This planet has fascinated humans for centuries because it is so near. Giovanni Schiapirelli thought that he saw straight canals on Mars, which led to suspicions of intelligent life. No one really knows why Martians should be green, but that's how they're always portrayed...

The Asteroid Belt

The asteroid belt constitutes a vast ring of lumps of rocks kept in order by the gravitational influences of Jupiter and Mars. Whether they are the remains of an unformed planet, an exploded planet, or just debris is not known. The belt is mostly confined to the ecliptic plane2, so man-made satellites can hop over the belt on their way to the outer planets.

The Jovian Planets


Being the biggest planet in the system, the metallic hydrogen core of Jupiter generates some pretty intense magnetic fields. It also has a system of 16 satellites, the largest of which is Ganymede. Jupiter's anomaly is its obvious storm systems, including the 'Great Red Spot'. The whorls and patterns on the upper atmosphere are well worth looking at.


Saturn has a ring system to die for, made from high-albedo3 ice, kept in place by members of its 18-satellite contingent.


Big. Blue. Weird. And the butt of some terrible jokes...

First, someone's knocked it over. Its axis of rotation is almost 90° to the plane of the ecliptic, so its polar regions get more sun than the equator. The equator is still somehow warmer than the poles, though, and no one knows why. Alone of the four largest planets, it doesn't generate more heat than it receives, leaving it cold. To cap it all, Uranus' magnetic field is at 60° to titshe axis of rotation.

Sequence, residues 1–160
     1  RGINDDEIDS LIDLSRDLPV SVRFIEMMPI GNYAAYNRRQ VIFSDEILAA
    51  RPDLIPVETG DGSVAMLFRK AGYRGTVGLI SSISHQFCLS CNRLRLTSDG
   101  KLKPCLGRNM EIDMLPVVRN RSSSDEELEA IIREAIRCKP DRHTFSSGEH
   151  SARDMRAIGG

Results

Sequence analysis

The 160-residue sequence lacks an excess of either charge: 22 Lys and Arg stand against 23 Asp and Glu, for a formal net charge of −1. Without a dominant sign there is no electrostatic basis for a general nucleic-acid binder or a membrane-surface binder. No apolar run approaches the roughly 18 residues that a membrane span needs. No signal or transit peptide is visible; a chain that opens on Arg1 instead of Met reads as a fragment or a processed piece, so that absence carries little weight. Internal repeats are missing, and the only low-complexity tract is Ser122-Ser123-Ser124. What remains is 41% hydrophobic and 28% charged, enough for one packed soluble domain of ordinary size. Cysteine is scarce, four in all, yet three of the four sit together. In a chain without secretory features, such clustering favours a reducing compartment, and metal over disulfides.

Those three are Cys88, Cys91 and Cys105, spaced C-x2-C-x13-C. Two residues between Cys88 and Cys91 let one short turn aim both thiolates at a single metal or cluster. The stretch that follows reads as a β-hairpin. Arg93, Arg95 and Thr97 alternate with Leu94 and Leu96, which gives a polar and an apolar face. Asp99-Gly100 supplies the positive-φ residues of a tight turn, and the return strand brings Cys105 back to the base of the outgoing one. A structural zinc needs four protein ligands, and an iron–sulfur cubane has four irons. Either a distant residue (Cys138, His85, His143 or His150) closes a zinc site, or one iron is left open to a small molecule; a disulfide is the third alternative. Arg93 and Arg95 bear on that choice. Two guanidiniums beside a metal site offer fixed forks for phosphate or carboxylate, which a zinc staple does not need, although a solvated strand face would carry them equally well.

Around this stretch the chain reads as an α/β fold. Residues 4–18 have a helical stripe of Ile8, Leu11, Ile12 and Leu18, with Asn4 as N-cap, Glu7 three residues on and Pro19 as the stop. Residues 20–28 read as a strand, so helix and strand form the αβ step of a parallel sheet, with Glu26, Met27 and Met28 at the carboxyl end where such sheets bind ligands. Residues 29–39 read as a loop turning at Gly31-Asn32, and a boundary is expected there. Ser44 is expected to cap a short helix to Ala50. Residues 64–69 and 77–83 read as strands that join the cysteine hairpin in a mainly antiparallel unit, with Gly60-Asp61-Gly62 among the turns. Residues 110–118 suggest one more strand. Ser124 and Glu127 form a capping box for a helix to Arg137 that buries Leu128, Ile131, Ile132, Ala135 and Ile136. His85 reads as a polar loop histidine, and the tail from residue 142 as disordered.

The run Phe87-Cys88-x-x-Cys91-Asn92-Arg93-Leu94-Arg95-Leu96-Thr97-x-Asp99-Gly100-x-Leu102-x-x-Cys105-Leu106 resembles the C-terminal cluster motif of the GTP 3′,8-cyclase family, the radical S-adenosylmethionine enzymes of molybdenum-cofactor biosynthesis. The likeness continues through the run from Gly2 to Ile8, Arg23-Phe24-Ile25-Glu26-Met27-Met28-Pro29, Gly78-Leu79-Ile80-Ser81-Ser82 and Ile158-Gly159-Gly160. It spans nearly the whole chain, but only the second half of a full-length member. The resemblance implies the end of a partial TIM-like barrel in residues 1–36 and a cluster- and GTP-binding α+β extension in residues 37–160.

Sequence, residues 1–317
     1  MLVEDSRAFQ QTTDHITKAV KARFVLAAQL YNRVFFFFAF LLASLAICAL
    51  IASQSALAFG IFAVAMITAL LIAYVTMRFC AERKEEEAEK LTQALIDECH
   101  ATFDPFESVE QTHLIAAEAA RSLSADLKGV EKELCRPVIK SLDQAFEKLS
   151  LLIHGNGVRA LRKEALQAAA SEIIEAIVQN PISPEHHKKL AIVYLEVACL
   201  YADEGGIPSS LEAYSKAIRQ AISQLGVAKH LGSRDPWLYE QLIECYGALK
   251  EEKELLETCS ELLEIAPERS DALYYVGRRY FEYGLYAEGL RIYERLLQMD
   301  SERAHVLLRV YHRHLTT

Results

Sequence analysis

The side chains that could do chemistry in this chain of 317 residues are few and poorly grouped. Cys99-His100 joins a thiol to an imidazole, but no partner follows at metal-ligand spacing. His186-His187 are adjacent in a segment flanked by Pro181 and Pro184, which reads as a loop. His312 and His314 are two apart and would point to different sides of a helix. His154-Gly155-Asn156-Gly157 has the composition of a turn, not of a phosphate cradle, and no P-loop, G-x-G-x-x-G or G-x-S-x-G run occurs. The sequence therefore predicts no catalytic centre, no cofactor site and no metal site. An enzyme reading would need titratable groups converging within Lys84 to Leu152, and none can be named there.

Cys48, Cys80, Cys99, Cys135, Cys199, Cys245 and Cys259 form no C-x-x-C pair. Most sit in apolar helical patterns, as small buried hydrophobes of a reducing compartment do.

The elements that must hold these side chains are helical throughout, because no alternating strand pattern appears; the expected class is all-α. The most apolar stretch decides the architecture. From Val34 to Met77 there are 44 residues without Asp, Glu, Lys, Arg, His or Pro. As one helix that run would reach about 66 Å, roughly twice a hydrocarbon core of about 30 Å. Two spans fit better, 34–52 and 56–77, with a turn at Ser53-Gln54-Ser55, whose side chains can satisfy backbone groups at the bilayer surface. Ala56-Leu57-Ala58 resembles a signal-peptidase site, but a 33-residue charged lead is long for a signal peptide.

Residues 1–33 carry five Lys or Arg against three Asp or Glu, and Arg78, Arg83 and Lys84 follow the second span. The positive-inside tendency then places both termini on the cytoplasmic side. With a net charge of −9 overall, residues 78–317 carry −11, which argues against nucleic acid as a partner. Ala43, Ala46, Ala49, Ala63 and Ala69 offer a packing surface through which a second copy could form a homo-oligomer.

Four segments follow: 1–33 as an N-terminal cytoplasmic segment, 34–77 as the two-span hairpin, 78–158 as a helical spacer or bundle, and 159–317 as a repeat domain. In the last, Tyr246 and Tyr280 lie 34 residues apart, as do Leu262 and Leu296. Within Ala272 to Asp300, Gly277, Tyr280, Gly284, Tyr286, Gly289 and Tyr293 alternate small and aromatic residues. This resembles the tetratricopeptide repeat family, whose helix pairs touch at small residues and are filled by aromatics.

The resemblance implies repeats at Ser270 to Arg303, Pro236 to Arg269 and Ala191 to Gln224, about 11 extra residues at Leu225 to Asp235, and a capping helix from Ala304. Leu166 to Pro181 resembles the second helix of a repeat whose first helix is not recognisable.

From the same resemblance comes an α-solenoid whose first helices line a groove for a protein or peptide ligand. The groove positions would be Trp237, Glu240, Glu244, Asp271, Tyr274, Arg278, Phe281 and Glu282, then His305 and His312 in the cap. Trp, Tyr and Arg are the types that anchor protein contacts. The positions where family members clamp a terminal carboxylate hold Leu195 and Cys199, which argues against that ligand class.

Uranus has the most moons, too.


Neptune seems like an imitation of the weirdest features of the other three giants. It's got some twisty rings, like Saturn; it's got a storm spot like Jupiter; and it's got a tilted magnetic field like Uranus. The only new weird thing it adds to the broth is that the winds are unaccountably stronger than they should be.

The Outer Reaches

Pluto & Charon

These two make up the the second double planet in the system, along with the Earth and the Moon, but these two are even closer in size. This has lead to both planets matching rotation with orbit, so the same sides face each other all the time.

Pluto is quite eccentric, and swaps order with Neptune every hundred years or so. And did we mention it's cold? When it wanders back out to perihelion - its furthest distance from the Sun - the atmosphere freezes and falls as snow. Take a coat.

The Kuiper Belt & The Oort Cloud

The Kuiper belt starts just outside the orbit of Pluto, and is in the plane of the ecliptic like the asteroid belt.

We don't know that the Oort Cloud exists. Its existance has been suggested as the source of some types of comet. It is thought to be a spherical shell completely surrounding the Solar System at a distance of about a light year, but we don't know if it is, or how it got there.

This is a rewrite of A79508 by Orinoco.

1Nearest on astronomical scales, not on human terms - if you shrunk the Solar System by a factor of one billion (109), the Sun would be 150m from Earth, but Proxima Centauri would be 40,000km away.2All the planets' orbits are in the same plane, so from the side, a diagram of the solar system's orbital paths looks flat.3The albedo of an object is the amount of light it reflects.